2
\$\begingroup\$

Basic question that I'm surprised I can't find the answer. I'm more marketing than micro-engineering :)

If the processor says is rated to 120 Mhz and the board uses a 12Mhz crystal, is the hardware limited to 12Mhz? Or it can still operate at 120 Mhz? Somewhere in between? Depends on the firmware?

Reason: The product is exactly as above and I'm writing up the spec sheet for customers. So am I being dishonest if I say it is powered by a 120Mhz micro in this situation? Or that is perfectly true if the firmware guys make it so?

edit: The processor is STMicro F205 Cortex M3. They market it as "120Mhz" but then the datasheet says to use a "4 to 26 MHz crystal oscillator", which our people chose a 12Mhz.

\$\endgroup\$
1
  • \$\begingroup\$ Likely the hardware people use a clock multiplier (usually on board PLL) to scale the clock internally. It is not dishonest to say it is a 120MHZ device if it uses a 12 MHz clock X10 since the logic is still clocked at 120MHz. If the Cortex recomends a 4-26MHz crystal and says it operates up to 120MHz, then there is surely an internal clock multiplier available. This is typically configured during device programming. \$\endgroup\$
    – crasic
    Jul 15, 2015 at 4:14

2 Answers 2

4
\$\begingroup\$

The STMicro F205 Cortex M3 contains an internal PLL that can clock the processor all the way to 120 MHz. It can use an internal 16 MHz RC oscillator to drive the PLL or an external 4-26 MHz clock source.

So technically the processor can run up to 120 Mhz, however, that top speed depends on how your firmware programmers set up the PLL.

\$\endgroup\$
5
  • \$\begingroup\$ OK, thanks. So your opinion: if I don't know what the firmware guys plan on doing (but realize they won't really be pushing it to 120Mhz) am I being honest by saying "up to 120Mhz" given the 12 Mhz crystal? Or is it limted to, for example, 55Mhz (120 / 26 * 12)? \$\endgroup\$
    – bcsteeve
    Jul 14, 2015 at 23:23
  • 2
    \$\begingroup\$ For your equipment, if you can't get the information from your development team, "up to 120 MHz" is not accurate. Since you don't know what frequency the processor is running at, you cannot honestly put a number on your data sheet. Go pound on someone's desk. \$\endgroup\$ Jul 15, 2015 at 1:15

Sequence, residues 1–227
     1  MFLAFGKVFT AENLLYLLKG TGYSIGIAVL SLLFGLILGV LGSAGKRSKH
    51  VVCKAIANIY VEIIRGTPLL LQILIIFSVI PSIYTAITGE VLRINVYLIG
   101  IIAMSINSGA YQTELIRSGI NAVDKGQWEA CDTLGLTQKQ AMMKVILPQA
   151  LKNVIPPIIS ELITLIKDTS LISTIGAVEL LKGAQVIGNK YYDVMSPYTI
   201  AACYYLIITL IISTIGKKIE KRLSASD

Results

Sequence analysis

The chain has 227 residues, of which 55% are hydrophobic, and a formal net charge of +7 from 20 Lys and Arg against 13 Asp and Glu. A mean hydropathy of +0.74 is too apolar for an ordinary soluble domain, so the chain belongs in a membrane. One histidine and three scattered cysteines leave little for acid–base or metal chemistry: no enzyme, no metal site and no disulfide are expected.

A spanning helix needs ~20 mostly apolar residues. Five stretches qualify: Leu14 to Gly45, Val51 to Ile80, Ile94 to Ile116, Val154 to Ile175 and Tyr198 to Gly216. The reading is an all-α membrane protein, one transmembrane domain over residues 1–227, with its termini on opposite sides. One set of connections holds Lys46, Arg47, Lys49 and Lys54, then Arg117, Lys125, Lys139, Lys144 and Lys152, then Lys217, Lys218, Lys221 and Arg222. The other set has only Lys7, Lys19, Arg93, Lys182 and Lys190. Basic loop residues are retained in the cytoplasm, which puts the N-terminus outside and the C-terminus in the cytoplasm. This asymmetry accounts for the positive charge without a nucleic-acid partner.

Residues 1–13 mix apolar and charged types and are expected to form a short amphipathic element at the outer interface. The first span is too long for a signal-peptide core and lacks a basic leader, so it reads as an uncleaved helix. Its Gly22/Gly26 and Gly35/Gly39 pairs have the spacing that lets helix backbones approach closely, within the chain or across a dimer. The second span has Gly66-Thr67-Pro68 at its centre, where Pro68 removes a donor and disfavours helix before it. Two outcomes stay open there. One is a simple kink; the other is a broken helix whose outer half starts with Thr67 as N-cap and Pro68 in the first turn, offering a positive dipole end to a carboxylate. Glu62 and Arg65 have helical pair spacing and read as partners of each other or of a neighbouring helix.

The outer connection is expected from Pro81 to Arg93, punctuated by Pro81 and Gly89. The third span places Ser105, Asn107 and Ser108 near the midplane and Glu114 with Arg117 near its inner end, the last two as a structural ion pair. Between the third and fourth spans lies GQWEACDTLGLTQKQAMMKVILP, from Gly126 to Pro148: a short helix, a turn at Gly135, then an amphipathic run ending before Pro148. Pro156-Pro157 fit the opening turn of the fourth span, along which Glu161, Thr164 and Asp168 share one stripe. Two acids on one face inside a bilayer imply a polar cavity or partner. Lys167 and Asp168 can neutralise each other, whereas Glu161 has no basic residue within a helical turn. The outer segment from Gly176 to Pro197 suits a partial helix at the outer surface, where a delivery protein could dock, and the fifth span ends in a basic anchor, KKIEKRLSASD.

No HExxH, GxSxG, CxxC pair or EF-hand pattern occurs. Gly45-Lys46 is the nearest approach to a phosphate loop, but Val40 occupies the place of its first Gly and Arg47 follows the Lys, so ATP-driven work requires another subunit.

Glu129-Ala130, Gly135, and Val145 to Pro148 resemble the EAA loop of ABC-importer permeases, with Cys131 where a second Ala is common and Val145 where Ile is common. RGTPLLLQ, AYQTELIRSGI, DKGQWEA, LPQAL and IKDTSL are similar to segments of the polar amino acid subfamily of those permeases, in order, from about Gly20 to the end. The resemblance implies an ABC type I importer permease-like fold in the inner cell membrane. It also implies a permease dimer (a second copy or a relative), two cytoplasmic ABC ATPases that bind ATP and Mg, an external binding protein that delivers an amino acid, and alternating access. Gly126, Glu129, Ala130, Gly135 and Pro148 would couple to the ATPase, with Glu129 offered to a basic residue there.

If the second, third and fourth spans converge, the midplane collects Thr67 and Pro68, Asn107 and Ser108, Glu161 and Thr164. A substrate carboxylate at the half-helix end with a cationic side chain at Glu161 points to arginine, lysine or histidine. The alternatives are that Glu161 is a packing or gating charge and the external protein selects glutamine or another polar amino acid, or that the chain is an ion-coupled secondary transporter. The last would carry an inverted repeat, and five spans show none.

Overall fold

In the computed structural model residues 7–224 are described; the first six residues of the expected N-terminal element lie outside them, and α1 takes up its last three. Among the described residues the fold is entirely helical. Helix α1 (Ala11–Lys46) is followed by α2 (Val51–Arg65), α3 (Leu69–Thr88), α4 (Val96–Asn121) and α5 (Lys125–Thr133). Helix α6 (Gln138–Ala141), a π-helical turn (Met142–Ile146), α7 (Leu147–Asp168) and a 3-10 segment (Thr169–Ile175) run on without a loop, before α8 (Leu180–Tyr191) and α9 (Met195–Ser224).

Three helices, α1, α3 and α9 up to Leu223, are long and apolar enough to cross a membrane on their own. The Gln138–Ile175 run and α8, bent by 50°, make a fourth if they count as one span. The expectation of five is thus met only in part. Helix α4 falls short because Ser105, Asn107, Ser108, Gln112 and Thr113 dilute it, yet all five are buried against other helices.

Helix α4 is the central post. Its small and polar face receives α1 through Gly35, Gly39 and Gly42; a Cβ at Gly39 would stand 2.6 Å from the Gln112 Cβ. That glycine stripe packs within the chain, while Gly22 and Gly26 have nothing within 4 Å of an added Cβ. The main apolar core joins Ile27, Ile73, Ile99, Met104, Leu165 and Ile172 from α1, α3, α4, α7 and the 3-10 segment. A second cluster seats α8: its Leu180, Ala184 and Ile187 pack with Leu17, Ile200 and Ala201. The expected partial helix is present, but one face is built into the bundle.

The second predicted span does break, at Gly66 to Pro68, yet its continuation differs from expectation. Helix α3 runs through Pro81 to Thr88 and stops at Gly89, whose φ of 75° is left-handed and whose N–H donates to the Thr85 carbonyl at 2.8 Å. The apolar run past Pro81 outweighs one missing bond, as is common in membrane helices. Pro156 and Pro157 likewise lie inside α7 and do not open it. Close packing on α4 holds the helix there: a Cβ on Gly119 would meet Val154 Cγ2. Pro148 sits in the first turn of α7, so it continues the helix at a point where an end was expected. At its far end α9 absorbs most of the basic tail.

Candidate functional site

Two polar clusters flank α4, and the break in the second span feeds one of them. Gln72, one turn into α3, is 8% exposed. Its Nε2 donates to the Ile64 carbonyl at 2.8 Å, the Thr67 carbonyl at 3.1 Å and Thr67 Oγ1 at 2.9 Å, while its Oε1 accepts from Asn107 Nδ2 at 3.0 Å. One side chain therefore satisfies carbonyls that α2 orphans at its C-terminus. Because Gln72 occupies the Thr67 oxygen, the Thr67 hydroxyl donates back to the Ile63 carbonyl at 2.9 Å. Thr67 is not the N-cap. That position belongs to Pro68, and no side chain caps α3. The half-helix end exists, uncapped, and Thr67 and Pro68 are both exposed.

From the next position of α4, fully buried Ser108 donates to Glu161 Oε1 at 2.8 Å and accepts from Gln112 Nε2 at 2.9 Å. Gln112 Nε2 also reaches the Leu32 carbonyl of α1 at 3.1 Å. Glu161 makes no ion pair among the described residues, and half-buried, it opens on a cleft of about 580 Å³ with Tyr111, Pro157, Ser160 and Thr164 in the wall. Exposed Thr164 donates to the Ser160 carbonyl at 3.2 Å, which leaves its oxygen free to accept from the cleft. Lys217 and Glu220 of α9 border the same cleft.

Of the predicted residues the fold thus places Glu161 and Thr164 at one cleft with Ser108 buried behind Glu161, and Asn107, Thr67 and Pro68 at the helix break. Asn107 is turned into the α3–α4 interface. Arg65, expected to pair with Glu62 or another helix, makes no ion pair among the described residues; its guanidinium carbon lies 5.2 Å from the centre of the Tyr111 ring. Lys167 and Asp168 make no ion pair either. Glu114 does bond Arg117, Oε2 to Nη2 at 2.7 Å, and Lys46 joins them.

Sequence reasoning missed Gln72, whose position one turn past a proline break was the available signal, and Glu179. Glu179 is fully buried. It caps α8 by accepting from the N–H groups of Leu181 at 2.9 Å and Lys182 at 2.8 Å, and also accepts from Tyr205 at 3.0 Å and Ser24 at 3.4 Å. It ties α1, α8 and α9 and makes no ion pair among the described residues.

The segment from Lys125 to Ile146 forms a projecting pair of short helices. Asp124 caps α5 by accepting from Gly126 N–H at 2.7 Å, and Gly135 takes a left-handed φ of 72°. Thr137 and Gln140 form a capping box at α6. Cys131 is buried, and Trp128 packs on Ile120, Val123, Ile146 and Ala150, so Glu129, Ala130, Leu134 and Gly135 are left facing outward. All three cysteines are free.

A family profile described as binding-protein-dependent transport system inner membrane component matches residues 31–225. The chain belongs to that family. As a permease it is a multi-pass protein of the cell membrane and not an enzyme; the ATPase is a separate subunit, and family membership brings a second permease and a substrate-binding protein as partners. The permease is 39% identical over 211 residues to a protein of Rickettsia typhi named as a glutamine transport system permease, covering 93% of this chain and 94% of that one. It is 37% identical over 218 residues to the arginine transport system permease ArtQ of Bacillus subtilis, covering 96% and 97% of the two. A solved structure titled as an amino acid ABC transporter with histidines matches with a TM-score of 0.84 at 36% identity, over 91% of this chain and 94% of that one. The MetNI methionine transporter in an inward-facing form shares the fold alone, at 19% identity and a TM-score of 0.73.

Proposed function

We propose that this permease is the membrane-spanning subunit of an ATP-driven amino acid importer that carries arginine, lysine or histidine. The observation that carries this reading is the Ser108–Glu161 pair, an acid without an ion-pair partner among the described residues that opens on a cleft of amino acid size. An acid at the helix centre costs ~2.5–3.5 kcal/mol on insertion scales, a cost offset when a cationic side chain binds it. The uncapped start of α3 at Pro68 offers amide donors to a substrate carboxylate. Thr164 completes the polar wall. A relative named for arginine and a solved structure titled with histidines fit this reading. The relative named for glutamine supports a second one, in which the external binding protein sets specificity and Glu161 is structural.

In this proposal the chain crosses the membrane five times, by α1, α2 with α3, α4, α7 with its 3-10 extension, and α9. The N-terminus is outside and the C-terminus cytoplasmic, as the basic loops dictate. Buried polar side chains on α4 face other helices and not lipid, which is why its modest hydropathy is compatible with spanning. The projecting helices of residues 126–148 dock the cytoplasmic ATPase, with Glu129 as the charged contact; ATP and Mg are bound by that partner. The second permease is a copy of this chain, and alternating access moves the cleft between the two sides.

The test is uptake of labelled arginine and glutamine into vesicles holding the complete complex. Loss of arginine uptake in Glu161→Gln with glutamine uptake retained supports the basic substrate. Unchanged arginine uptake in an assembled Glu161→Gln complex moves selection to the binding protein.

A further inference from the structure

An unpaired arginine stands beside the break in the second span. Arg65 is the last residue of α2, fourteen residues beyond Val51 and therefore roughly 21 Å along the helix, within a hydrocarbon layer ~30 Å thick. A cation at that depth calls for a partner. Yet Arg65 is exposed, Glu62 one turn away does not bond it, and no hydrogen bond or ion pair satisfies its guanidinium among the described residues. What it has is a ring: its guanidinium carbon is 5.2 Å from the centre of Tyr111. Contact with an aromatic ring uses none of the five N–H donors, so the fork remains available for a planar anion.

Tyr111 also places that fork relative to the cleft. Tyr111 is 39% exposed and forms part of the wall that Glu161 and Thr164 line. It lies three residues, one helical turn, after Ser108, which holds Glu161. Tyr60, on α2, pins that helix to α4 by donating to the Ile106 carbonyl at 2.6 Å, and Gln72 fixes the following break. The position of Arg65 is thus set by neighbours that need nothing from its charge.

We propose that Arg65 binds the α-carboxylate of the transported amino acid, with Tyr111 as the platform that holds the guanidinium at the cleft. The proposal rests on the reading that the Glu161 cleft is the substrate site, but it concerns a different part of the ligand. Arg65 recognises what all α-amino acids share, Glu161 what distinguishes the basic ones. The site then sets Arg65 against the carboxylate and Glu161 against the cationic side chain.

• \$\begingroup\$ Perhaps it isn't a typical application. There is no firmware. At all. So it will run at whatever it is eventually told to run at. What I was asking was whether the crystal is setting the limitation, or is it the firmware. I know it sounds weird that I don't have that information. Unusual circumstances. Anyway, I believe i have my answer: it can run up to 120Mhz if the firmware eventually tells it to. I was worried we were stuck at 12Mhz due to the crystal. \$\endgroup\$
    – bcsteeve
    Jul 15, 2015 at 7:00
  • \$\begingroup\$ If the end customer is uploading the firmware and programming the device then up to 120 Mhz is an acceptable way to market the product. If you are selling a product that is not customer programmable then there has to be some software loaded in the device or it would just be just a brick :-) \$\endgroup\$ Jul 16, 2015 at 19:22
  • \$\begingroup\$ I didn't really answer your other question about speed. A PLL basically works by multiplying the reference frequency by some number. I'm not a 100% sure of the ratios that the F205 supports but 10x is fairly common. \$\endgroup\$ Jul 16, 2015 at 19:28
0
\$\begingroup\$

Depends on the device. There are plenty of systems which have internal PLLs so that the clock frequency can be higher than the crystal frequency. But why not ask the hardware people?

\$\endgroup\$
1
  • \$\begingroup\$ I figured it would be easier to ask here. The "hardware people" were outsourced. I've been asked by customers what the specs are - not that it really matters - and I'm trying to supply that information from an honest, but marketed, stance. I've updated the question to include the micro model if that helps. I'm scouring the datasheet for info regarding the PLL but it is mostly Greek to me. \$\endgroup\$
    – bcsteeve
    Jul 14, 2015 at 23:15

Your Answer

By clicking “Post Your Answer”, you agree to our terms of service and acknowledge you have read our privacy policy.

Not the answer you're looking for? Browse other questions tagged or ask your own question.